How Do You Put That You're Still in College on a Job Application?

Even if you bring a resume to a prospective employer, you'll probably be asked to fill out a job application. The standardized format makes it easier for employers to find your information and compare your qualifications to those of other candidates. You should list your highest educational attainment if you are still in college.

Types of Job Applications

Employers use various types of job applications. If you're applying for a job in foodservice, hospitality or retail, it's likely that you'll be given a paper application to fill out right before the job interview. Bring with you a blue or black ballpoint pen so you don't have to ask for one. Print as neatly as you can; an employer is not likely to bother with you if parts of your application are not legible.

Paper applications are fairly standard in terms of the format. Look online for samples such as the one posted by recruitment specialists Betterteam. You may be able to ask for an application form to take with you for completion at home. Use a blue or black ballpoint pen. Although instructions may tell you to "print or type legibly," the use of a typewriter is unusual in the 21st century and not really expected. Besides, it's easier to space your answers neatly if you're hand-writing them.

Online applications may be posted on a company's website or, in some cases, emailed to you as a PDF. Complete each section as carefully as if you were doing it in pen, and do not rely on spellcheck. Some sections may have character or word limits, so plan accordingly in order to include the most important information.

Best Practices for Filling out an Application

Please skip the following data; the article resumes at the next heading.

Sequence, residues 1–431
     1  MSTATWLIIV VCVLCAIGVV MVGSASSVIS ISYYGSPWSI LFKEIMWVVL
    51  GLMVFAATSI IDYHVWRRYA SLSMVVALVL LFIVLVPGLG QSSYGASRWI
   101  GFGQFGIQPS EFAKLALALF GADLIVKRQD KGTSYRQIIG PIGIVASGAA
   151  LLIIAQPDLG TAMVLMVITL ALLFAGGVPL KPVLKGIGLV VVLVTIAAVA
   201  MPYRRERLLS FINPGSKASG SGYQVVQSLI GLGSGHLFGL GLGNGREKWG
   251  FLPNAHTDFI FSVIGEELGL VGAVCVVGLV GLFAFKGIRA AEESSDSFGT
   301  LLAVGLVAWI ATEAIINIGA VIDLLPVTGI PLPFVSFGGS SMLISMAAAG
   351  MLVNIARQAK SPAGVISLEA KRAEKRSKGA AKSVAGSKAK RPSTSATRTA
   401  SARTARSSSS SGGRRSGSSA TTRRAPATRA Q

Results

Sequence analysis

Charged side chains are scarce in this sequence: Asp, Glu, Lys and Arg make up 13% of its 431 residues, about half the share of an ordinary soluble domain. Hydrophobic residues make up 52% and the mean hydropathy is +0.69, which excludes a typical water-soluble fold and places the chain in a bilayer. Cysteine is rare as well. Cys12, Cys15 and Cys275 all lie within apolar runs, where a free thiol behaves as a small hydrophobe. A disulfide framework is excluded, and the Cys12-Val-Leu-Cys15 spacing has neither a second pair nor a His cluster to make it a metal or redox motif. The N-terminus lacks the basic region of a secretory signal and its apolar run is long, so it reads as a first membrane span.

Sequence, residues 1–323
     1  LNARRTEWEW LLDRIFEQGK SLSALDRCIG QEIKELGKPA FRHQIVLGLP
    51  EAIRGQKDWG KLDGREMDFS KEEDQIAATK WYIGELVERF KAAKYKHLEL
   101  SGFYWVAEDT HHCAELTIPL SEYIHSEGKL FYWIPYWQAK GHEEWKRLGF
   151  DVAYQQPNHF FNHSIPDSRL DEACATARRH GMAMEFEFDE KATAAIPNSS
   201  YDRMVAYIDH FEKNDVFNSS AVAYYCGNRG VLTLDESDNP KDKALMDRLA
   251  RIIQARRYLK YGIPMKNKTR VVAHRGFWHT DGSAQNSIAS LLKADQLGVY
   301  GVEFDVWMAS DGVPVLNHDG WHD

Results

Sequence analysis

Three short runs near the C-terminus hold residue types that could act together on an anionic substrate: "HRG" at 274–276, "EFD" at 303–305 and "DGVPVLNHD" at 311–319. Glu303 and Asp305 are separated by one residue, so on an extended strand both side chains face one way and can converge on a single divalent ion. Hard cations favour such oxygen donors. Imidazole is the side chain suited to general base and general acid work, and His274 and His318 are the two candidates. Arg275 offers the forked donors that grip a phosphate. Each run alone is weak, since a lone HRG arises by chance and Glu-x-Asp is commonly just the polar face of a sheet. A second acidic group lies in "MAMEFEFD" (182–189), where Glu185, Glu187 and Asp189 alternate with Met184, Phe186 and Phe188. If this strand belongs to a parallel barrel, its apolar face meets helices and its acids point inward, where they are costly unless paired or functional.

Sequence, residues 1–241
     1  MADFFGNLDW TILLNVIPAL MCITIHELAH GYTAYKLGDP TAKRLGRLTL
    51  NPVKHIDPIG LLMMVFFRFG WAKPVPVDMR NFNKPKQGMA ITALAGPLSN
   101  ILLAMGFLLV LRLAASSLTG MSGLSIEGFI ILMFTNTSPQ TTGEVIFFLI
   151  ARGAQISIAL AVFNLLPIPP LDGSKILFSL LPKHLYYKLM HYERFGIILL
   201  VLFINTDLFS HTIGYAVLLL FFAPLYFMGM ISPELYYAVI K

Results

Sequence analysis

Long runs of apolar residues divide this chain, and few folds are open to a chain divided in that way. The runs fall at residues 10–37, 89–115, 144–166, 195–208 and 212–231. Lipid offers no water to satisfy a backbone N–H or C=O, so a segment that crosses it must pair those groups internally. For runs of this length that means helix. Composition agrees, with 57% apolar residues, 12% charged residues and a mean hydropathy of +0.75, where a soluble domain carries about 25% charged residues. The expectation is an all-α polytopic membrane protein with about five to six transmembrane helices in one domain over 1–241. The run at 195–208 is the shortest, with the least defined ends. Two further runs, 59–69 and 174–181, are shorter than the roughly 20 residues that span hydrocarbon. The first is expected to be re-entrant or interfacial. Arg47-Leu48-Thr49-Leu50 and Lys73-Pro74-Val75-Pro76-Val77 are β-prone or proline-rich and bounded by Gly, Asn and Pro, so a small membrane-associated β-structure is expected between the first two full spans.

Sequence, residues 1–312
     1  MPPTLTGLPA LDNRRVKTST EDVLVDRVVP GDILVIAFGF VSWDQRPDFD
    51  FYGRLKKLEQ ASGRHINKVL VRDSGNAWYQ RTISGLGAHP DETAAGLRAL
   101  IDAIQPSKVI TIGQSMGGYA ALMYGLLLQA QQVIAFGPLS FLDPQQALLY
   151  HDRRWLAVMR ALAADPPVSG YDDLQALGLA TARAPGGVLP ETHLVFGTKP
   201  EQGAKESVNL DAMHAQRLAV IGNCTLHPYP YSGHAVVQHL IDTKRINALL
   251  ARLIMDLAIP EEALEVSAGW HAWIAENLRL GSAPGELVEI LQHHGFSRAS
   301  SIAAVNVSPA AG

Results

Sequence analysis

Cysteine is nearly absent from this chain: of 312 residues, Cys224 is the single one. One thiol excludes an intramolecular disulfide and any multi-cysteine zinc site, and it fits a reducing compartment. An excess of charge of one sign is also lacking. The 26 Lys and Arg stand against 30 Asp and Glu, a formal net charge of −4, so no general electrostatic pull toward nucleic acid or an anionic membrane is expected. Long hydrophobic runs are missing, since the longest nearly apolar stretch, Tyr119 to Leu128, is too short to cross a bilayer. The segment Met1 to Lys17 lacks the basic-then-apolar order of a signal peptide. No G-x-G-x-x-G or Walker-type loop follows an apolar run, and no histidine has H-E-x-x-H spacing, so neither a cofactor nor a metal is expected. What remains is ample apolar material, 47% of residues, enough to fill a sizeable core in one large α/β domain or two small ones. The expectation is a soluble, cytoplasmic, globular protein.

The employment website Indeed offers these tips for ensuring you put your best foot forward with your job application:

  • Assemble documentation beforehand:​ Whether you're completing job applications online at home or paper applications on a job site, you'll benefit from having a folder containing all the important documents that employers typically request. You should have your Social Security card, a copy of your resume and a list of references with their contact information.
  • Read the instructions:​ Read through the entire application before you start work on it. You'll know where to put your information so that you can avoid mistakes or repetition.
  • Avoid empty boxes:​ When you leave a section blank or fail to check a box, you can send the message that you don't have an eye for detail or, worse, that you're trying to hide something. If there's a question that does not apply to you, simply write "N/A" for "not applicable."
  • Be open to salary​: When you're asked what salary you desire, use the phrase "Open to negotiation" rather than naming a specific amount. It shows the employer you're flexible.
  • Proofread:​ Allow enough time to go over your application. Make sure of your spelling, grammar and punctuation and be certain you've supplied all the requested information.

If You're Still in College

Some positions, such as registered nurse, have a degree requirement. Because of state licensing laws, an employer cannot hire you until you've graduated. However, degree requirements for many positions can be flexible. Depending on your other qualifications, an employer may hire you without a degree if your anticipated graduation date is near and you've completed coursework that's relevant to the job.

There are several ways to list your highest educational attainment if you are still in college. A high school diploma is assumed, so you don't have to list it. Here are some examples:

  • BA in Communications - University of Illinois at Urbana-Champaign - GPA 3.75 (Expected graduation: May 2022)
  • Associate in General Studies, Bishop State Community College, Mobile, AL. Graduating May 2o22
  • BS in Mathematics and Biology - University of California, Davis - Anticipated graduation: December 2022